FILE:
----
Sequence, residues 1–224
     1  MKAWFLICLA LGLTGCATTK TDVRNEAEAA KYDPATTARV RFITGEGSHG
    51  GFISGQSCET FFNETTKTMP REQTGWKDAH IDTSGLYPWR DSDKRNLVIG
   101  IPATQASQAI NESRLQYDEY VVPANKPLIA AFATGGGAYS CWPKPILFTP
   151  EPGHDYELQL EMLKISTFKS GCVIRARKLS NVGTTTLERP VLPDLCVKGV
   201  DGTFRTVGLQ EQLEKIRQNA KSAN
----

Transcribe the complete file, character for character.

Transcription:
Sequence, residues 1–224
     1  MKAWFLICLA LGLTGCATTK TDVRNEAEAA KYDPATTARV RFITGEGSHG
    51  GFISGQSCET FFNETTKTMP REQTGWKDAH IDTSGLYPWR DSDKRNLVIG
   101  IPATQASQAI NESRLQYDEY VVPANKPLIA AFATGGGAYS CWPKPILFTP
   151  EPGHDYELQL EMLKISTFKS GCVIRARKLS NVGTTTLERP VLPDLCVKGV
   201  DGTFRTVGLQ EQLEKIRQNA KSAN